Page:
The BMW 6 Series has a breadth of ability that’s virtually unrivalled in its class.
There's a remarkable powertrain in the form of the V8 650i, a versatile chassis and practical body, which allow it to play almost any role with conviction: weekend hotrod, long-haul GT, occasional four-seater or, in convertible form, carefree drop-top. Convertibles certainly don’t come much faster, better mannered or more thoroughly executed.
And rarely do coupes or convertibles come as practical. There’s a decent amount of space for adults in the back, and the soft-top (rather than folding hard-top) means there’s a decent boot.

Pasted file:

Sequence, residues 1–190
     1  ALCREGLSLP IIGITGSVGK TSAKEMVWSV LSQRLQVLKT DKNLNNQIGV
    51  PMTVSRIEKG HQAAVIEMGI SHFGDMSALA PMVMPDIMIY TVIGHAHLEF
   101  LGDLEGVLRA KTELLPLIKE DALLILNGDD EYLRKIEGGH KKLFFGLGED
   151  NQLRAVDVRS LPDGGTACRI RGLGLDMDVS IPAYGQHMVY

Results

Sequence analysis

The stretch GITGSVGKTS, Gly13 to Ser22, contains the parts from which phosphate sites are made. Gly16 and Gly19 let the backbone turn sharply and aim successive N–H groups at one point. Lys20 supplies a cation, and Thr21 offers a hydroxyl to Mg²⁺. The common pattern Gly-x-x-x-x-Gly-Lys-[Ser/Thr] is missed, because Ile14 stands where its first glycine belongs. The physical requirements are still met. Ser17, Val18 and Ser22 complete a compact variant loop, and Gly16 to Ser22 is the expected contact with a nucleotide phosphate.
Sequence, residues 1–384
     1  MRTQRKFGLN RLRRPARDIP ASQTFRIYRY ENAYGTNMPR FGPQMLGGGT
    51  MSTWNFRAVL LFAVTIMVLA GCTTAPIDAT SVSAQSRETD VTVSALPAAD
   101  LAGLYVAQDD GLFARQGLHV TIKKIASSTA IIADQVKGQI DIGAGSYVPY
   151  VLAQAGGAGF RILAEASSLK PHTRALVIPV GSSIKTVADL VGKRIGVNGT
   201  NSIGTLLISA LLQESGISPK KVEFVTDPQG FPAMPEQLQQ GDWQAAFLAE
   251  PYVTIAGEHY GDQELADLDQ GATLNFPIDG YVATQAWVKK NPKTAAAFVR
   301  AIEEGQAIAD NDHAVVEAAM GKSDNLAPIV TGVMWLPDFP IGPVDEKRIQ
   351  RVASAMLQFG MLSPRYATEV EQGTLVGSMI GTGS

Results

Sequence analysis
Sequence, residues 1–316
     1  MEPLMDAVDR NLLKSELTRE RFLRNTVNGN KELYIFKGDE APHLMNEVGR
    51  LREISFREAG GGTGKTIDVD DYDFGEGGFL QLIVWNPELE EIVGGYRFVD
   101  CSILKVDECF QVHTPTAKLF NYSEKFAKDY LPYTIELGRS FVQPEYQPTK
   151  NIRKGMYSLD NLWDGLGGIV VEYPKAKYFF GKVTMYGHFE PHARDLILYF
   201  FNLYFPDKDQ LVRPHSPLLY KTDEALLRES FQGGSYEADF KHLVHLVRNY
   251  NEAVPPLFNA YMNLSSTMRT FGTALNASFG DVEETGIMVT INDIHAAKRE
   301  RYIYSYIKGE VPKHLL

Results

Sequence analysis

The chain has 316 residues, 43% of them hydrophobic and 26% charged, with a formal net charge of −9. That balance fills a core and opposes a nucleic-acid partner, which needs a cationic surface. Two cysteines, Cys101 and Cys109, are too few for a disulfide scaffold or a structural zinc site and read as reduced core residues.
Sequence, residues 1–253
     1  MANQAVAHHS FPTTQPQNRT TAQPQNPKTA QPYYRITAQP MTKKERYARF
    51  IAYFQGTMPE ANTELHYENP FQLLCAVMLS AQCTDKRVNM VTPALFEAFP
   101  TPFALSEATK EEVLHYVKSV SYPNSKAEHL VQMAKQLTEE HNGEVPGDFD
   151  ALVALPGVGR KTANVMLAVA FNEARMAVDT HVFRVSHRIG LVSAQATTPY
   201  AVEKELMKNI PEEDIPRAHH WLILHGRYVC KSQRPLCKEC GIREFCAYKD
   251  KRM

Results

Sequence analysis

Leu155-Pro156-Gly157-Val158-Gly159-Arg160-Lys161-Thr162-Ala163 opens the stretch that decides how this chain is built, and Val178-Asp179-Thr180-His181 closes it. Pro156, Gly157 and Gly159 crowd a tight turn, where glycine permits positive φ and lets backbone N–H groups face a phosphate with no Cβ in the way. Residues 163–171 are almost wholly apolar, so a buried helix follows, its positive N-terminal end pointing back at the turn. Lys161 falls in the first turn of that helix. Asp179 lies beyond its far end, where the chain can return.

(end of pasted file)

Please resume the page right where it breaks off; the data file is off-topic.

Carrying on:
The role this 6 Series struggles with, though, is the one you may miss the most: for all its basic speed, it’s an uncommunicative driver’s car. Despite the army of active chassis systems, it’s essentially an inert, unresponsive car that lacks balance and poise, and feels heavy and cumbersome when really tested.
How much that will detract from your enjoyment depends on how keen a driver you are because, in other ways, the 6 Series is as uncompromised as such cars get.